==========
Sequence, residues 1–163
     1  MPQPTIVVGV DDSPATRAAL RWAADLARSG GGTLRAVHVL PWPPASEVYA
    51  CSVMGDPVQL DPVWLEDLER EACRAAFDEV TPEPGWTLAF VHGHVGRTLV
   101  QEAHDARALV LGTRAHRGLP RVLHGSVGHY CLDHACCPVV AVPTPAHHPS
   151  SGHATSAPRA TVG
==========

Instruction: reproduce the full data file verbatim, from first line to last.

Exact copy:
Sequence, residues 1–163
     1  MPQPTIVVGV DDSPATRAAL RWAADLARSG GGTLRAVHVL PWPPASEVYA
    51  CSVMGDPVQL DPVWLEDLER EACRAAFDEV TPEPGWTLAF VHGHVGRTLV
   101  QEAHDARALV LGTRAHRGLP RVLHGSVGHY CLDHACCPVV AVPTPAHHPS
   151  SGHATSAPRA TVG